Saturday, March 30, is National Doctor’s Day, a holiday that honors physicians for the work they do for their patients, the communities they serve, and society as a whole.
Here are four fun facts we thought would be of interest to doctors, their patients, and all our readers.
1. The Date was Chosen because of Anesthetic Anniversary
National Doctor’s Day can be traced back to March 30, 1933, where it was first celebrated in Winder, Georgia, a small town east of Atlanta.
The observance began with Eudora Brown Almond, wife of Dr. Charles B. Almond, a prominent Georgia physician, who wanted to create a day to recognize and honor doctors.
Almond decided the best way to do that was to mail greeting cards to all the physicians she knew of and to place flowers — red carnations — on the graves of those who were deceased. The flower, still in use today, was chosen because the red color represents love, charity, sacrifice, bravery, and courage, all of which are synonymous with the medical profession.
Why did Almond choose March 30 as the date?
It was on that date in 1842 when Dr. Crawford W. Long used an ether anesthetic for the first time during surgery.
Although Doctor’s Day would remain an unofficial holiday for the next 58 years, it became a national holiday when Congress passed S.J. RES. #366, which President Bush signed on October 30, 1990 (creating Public Law 101-473), designating Doctor’s Day as a national holiday to be celebrated on March 30, 1991.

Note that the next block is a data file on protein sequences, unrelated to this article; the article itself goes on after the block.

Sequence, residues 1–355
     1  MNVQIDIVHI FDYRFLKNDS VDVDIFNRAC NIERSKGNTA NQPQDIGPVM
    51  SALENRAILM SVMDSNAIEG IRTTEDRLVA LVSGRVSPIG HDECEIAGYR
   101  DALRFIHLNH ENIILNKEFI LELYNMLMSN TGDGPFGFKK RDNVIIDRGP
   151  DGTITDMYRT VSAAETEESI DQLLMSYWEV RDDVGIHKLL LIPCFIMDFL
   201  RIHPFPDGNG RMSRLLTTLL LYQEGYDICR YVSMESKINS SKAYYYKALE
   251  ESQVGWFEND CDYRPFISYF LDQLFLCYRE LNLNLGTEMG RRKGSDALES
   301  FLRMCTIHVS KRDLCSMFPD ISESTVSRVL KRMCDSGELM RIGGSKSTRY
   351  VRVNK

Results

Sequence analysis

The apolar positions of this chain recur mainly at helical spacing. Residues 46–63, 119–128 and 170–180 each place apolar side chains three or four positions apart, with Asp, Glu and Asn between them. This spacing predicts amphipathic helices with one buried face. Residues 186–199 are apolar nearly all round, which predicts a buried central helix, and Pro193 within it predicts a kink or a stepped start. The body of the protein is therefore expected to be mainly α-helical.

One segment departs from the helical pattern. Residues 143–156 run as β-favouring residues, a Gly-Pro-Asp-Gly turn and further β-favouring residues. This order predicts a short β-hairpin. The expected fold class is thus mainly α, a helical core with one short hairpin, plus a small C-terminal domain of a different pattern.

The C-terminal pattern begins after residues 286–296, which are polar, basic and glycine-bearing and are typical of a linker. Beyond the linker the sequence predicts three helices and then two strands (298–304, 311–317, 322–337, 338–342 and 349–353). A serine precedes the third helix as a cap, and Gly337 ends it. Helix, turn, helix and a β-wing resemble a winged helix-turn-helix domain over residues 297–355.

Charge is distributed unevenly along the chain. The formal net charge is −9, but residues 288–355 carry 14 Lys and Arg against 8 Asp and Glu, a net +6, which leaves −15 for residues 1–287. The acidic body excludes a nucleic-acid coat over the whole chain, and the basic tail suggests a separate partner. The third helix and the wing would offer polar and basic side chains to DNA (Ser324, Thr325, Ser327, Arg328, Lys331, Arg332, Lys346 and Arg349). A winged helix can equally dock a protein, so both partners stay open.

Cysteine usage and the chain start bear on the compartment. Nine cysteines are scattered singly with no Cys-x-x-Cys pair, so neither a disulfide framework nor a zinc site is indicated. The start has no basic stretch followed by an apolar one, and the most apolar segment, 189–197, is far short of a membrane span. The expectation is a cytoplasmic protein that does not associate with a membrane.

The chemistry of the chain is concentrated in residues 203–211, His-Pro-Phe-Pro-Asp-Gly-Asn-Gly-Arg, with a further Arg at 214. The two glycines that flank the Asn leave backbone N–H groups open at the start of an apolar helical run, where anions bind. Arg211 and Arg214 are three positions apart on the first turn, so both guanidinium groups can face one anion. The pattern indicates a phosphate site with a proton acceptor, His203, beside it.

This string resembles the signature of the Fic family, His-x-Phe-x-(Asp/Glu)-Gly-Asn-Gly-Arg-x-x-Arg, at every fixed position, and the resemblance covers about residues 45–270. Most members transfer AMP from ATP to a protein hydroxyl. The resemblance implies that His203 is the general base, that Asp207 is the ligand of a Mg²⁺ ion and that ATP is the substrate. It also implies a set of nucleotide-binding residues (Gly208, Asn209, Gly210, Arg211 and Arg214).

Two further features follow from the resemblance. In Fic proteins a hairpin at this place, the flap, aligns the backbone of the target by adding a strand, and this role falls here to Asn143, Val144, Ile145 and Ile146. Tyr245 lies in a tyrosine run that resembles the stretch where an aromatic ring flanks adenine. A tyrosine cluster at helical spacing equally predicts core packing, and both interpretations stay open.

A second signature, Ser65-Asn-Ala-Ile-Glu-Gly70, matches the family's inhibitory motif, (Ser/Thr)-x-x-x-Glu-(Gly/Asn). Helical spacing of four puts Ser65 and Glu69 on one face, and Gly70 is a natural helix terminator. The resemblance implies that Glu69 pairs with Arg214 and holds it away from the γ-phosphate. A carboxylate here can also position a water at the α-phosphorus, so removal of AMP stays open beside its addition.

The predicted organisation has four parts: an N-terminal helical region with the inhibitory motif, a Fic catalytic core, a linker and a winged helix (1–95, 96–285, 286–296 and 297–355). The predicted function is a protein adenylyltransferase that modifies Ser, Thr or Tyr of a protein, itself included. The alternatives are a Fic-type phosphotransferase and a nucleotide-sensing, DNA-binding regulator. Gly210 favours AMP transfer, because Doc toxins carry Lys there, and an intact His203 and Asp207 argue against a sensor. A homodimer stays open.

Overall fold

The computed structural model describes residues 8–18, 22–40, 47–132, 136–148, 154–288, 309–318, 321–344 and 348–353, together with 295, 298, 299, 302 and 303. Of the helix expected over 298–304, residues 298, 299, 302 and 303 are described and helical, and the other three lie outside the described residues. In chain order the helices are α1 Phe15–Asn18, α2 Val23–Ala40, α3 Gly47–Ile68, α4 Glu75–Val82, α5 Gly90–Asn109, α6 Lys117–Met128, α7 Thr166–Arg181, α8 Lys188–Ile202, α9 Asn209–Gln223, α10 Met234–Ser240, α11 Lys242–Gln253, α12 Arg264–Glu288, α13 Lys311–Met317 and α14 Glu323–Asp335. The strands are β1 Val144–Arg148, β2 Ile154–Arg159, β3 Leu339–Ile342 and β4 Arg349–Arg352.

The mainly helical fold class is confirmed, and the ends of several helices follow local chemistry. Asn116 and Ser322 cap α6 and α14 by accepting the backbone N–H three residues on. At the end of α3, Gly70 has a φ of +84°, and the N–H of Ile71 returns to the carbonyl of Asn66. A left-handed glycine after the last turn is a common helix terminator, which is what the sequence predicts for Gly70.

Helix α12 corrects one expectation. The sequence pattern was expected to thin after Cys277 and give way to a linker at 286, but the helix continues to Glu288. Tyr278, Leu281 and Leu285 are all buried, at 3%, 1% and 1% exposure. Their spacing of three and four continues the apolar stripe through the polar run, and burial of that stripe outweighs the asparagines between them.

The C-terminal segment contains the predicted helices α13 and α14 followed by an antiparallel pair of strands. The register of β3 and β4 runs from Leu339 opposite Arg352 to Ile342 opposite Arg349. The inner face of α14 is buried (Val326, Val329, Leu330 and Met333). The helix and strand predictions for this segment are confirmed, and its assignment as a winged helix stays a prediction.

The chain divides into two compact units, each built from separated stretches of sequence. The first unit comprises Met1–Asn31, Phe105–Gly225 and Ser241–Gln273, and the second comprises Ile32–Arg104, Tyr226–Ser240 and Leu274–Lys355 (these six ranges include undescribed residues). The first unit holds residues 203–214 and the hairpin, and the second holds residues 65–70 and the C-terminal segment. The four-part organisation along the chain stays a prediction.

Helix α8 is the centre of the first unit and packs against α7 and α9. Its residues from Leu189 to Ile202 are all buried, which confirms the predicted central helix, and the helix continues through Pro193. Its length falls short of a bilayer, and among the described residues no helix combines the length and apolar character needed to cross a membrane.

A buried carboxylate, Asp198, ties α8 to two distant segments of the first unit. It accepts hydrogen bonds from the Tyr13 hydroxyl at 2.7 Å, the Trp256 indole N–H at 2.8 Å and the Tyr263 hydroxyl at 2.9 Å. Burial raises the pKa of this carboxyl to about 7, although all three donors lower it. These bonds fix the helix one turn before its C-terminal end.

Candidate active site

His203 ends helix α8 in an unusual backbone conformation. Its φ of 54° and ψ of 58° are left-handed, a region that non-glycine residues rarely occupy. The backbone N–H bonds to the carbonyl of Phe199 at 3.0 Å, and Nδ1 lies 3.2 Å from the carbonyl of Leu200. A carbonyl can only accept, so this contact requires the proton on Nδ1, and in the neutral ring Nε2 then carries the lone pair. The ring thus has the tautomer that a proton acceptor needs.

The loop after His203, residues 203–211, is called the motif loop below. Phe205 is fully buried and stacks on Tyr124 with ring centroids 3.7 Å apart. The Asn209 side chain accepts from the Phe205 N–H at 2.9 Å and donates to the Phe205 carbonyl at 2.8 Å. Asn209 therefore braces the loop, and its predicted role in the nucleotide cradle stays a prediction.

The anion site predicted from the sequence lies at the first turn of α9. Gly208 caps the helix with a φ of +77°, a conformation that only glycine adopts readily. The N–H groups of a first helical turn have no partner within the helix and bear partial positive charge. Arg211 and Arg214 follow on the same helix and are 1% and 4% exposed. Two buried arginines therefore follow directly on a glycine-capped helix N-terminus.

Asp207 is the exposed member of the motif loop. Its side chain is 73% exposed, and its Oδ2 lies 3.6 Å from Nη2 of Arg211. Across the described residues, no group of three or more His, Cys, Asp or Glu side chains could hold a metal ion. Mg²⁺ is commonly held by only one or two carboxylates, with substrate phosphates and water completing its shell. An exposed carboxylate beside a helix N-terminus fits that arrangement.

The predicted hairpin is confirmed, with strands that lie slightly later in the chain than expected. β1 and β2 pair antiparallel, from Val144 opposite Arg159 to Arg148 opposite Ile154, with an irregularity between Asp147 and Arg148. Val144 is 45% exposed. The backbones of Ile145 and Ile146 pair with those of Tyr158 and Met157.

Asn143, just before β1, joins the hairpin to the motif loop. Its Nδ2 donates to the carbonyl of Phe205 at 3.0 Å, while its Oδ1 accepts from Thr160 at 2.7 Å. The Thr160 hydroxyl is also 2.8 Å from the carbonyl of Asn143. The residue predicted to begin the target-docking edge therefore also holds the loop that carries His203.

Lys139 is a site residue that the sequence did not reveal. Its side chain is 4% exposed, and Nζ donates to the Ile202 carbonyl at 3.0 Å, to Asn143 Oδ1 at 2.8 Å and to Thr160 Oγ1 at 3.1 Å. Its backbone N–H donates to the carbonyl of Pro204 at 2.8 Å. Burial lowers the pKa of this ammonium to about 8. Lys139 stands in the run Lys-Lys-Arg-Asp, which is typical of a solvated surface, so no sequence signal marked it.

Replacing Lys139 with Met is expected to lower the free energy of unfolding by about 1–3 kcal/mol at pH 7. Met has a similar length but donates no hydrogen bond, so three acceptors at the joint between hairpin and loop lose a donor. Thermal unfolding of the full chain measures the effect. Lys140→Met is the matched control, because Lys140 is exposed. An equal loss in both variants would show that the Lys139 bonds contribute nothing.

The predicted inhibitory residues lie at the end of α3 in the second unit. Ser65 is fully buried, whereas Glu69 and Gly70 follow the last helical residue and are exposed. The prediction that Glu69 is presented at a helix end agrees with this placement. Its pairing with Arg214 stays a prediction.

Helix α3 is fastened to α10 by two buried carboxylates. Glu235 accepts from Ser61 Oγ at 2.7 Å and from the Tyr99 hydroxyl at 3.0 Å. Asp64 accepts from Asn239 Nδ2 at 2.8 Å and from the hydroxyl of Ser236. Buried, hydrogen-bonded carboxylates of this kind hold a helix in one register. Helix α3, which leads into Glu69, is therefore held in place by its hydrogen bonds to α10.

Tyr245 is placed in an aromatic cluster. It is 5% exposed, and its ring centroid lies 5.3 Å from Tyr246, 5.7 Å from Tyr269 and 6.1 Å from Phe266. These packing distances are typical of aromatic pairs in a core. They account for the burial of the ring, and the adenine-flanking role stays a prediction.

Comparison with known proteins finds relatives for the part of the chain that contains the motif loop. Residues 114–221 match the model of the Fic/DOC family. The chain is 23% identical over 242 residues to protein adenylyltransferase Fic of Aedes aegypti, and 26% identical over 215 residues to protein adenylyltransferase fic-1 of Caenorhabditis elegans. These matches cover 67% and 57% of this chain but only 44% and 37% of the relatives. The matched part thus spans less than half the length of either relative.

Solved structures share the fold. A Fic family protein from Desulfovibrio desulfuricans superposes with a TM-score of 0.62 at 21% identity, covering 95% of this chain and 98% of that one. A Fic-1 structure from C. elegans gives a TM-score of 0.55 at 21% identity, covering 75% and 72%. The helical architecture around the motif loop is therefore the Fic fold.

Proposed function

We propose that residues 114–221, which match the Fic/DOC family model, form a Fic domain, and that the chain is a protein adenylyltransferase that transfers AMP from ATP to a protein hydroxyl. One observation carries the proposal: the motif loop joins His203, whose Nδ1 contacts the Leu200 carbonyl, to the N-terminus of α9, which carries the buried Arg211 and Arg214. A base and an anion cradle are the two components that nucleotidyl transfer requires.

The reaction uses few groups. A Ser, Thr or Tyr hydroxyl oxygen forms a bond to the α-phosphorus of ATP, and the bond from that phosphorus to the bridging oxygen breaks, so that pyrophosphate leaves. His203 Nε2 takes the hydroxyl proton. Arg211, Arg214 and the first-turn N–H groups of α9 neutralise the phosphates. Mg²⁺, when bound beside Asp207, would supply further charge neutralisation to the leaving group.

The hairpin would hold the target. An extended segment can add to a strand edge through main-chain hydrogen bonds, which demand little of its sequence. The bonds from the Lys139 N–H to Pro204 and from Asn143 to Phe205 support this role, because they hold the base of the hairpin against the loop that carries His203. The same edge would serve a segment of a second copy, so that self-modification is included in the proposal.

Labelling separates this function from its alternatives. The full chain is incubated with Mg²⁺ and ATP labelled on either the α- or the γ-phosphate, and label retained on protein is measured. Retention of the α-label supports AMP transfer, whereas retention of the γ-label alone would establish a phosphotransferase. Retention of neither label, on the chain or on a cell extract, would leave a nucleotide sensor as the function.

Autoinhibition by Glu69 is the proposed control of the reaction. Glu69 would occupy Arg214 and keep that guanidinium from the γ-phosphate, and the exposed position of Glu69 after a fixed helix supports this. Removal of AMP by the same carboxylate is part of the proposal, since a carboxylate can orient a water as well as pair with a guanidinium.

2. National Doctor’s Day is Celebrated Across the Globe
The holiday isn't celebrated just in the U.S. but also around the globe.
In Brazil, National Doctor’s Day is celebrated on October 18, the day on which the Catholic Church observes the birthday of Saint Luke, who, according to church tradition, was a doctor.
Canada celebrates National Doctor’s Day on May 1, and Cuba, on December 3, to commemorate the birthday of Carlos Juan Finlay, a Cuban physician and scientist recognized as a pioneer in yellow fever research.
Other countries that celebrate National Doctor’s Day include India, Iran, Vietnam, and Nepal.
3. Cards are Still Used to Honor the Holiday
There is an actual National Doctor’s Day organization, which, each year, creates a unique commemorative greeting card. This year’s card reads, "Thank You for your dedication to the care of others. Happy Doctors’ Day."
4. It’s Proven that Doctors Work More than the Average American
Another reason we celebrate doctors on this day is their resiliency. Think about it; they work, on average, nearly 60 hours a week and, more impressive, one and a half times more years than the average American.
Their job isn’t easy either. They work under pressure, often make critical, even life-and-death decisions, and do so while showing concern for and attentiveness toward every patient they see.
That’s why, in celebration of National Doctor’s Day, Schumacher Clinical Partners wants to express its gratitude and appreciation to all their physicians for their hard work and commitment to providing quality care to patients every day.
Take Action: You, too, can personally thank your doctor for everything he or she does throughout the year. Send a card or flowers, in keeping with the tradition. Post a message on Facebook or Twitter thanking doctors for the work they do, and tag your doctor if appropriate. (Use the hashtag #NationalDoctorsDay in your posts.) You can also celebrate this day by placing carnations on the grave of a deceased doctor.
Those aren’t the only ways to celebrate. Another is to schedule that much-needed check-up, and yet another is to commit to living a healthy lifestyle. (You may need to see the doctor less in that case, but we’re sure he won’t mind.)
In whatever way you can think of, be sure and express your appreciation to your doctor for the care he or she provides.
Read more about physician retention and satisfaction, here.